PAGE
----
Ralf Greiner has completed its Ph.D. at the University of Stuttgart in 1993. In 1990, he joined the Federal Research Institute of Nutrition and Food, Karlsruhe, Germany. From 2007 to 2008, he worked at the Federal University of Paraná in Curitiba, Brazil as a Visiting Professor for Biochemistry and Molecular Biology. He is currently Head of the Department Food Technology and Bioprocess Engineering at the Max Rubner-Institut Karlsruhe, Germany. In addition, he acts as Editor for Food Control (Europe and South America) and is Honorary Assistant Professor at the University of Hong Kong, School of Biological Sciences.
Nanomaterials and nanostructures are and always have been a natural part of raw materials and foods. Even unprocessed foods such as fresh fruits consist of structural components in the nano-scale. For example, proteins are generally globular structures 1-10 nm in size. The majority of polysaccharides and lipids are linear polymers with thicknesses less than 1 nm, and are examples one dimensional nanostructures. Furthermore, many food processing operations such as grinding, coagulation, emulsifying or homogenising produce new nanostructures. To distinguish natural occurring nanomaterials and nanostructures as well as those generated by conventional food processing from intentionally manufactured nanomaterials, the term “engineered nanomaterials” was introduced. By definition, an engineered nanomaterial needs to be intentionally produced in a defined size or size distribution for a specific purpose or function.Research activities on applications of engineered nanomaterials in the food sector include better pesticide efficacy and delivery, improved production and processing techniques, modified taste, colour, flavour, texture and consistency of food products, enhanced absorption of nutrients and bioactive compounds, reduced fat and salt content, improved shelf-life and safety of food products, novel food packaging materials, and nanosensors for better traceability and monitoring. Currently many nanotechnology applications in the food sector are at R&D or near-market stages. Only nanotechnology-derived materials for food packaging to improve mechanical and barrier properties and some delivery systems for biologically active compounds are available in some countries. However, data on the benefits, improvements and risks of nanotechnology applications in the food sector as well as their economic competitiveness are still almost lacking.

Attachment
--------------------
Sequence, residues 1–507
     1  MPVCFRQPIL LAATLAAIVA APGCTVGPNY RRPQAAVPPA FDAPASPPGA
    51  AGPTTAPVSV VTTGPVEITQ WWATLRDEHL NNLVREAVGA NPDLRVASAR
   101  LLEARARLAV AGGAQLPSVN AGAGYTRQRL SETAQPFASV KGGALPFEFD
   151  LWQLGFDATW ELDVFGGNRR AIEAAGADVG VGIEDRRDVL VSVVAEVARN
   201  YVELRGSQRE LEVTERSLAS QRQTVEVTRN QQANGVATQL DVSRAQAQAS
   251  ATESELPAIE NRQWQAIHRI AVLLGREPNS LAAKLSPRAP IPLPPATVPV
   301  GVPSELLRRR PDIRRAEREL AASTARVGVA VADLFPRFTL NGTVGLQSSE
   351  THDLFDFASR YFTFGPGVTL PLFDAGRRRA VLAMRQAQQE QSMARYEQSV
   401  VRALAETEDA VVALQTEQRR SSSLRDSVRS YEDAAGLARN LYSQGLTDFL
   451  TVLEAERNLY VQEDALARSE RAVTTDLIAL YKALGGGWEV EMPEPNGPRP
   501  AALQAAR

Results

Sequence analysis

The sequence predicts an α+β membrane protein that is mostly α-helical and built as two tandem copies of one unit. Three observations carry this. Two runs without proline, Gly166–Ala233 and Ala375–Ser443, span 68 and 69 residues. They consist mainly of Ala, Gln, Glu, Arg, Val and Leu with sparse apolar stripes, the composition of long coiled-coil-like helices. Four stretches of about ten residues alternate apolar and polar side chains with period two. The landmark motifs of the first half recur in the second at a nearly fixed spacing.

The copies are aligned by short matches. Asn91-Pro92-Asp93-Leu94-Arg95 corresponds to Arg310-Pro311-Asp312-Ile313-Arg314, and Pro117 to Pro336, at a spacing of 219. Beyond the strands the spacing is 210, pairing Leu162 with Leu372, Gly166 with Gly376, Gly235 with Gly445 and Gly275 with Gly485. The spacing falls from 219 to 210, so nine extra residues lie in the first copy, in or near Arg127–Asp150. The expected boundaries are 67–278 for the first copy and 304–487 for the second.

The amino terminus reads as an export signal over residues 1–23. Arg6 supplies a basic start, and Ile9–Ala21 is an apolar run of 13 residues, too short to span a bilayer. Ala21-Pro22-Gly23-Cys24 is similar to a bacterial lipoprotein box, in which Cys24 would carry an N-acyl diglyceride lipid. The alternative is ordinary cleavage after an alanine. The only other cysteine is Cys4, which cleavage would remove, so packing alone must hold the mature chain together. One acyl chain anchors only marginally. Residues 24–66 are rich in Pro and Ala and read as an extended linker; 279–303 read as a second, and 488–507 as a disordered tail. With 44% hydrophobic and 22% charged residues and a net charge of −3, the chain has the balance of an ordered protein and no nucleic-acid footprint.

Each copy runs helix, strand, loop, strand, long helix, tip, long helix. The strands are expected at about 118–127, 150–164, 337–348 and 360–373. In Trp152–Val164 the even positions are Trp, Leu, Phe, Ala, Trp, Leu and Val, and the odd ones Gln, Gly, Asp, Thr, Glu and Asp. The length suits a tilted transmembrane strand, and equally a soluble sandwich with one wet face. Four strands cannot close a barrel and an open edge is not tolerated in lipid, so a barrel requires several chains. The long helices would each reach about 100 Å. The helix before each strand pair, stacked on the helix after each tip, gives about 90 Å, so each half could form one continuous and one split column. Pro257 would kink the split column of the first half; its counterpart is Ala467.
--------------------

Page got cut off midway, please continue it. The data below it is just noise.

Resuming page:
Speaker PPTsDownload PPT